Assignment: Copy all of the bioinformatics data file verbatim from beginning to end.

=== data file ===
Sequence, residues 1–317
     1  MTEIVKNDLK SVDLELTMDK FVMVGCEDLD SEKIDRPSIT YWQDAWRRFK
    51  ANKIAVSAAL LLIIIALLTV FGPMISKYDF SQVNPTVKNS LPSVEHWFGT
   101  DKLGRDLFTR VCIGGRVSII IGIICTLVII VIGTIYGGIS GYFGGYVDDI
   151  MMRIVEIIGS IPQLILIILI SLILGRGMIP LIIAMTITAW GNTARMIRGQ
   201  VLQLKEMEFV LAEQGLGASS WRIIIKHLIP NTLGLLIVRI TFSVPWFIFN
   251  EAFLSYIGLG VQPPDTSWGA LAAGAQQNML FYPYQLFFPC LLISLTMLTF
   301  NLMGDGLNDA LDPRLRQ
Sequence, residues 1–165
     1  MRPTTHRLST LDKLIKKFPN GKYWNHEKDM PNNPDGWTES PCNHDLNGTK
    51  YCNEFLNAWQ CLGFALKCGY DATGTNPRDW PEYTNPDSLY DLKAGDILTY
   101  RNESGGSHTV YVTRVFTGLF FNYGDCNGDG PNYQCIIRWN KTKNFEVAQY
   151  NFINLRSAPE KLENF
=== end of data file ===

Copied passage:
Sequence, residues 1–317
     1  MTEIVKNDLK SVDLELTMDK FVMVGCEDLD SEKIDRPSIT YWQDAWRRFK
    51  ANKIAVSAAL LLIIIALLTV FGPMISKYDF SQVNPTVKNS LPSVEHWFGT
   101  DKLGRDLFTR VCIGGRVSII IGIICTLVII VIGTIYGGIS GYFGGYVDDI
   151  MMRIVEIIGS IPQLILIILI SLILGRGMIP LIIAMTITAW GNTARMIRGQ
   201  VLQLKEMEFV LAEQGLGASS WRIIIKHLIP NTLGLLIVRI TFSVPWFIFN
   251  EAFLSYIGLG VQPPDTSWGA LAAGAQQNML FYPYQLFFPC LLISLTMLTF
   301  NLMGDGLNDA LDPRLRQ
Sequence, residues 1–165
     1  MRPTTHRLST LDKLIKKFPN GKYWNHEKDM PNNPDGWTES PCNHDLNGTK
    51  YCNEFLNAWQ CLGFALKCGY DATGTNPRDW PEYTNPDSLY DLKAGDILTY
   101  RNESGGSHTV YVTRVFTGLF FNYGDCNGDG PNYQCIIRWN KTKNFEVAQY
   151  NFINLRSAPE KLENF